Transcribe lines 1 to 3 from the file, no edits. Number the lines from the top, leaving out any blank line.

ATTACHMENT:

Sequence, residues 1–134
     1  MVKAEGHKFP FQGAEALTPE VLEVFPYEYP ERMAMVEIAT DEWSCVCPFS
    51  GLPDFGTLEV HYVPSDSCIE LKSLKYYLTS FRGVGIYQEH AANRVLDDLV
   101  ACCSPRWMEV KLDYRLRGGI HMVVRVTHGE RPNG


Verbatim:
Sequence, residues 1–134
     1  MVKAEGHKFP FQGAEALTPE VLEVFPYEYP ERMAMVEIAT DEWSCVCPFS
    51  GLPDFGTLEV HYVPSDSCIE LKSLKYYLTS FRGVGIYQEH AANRVLDDLV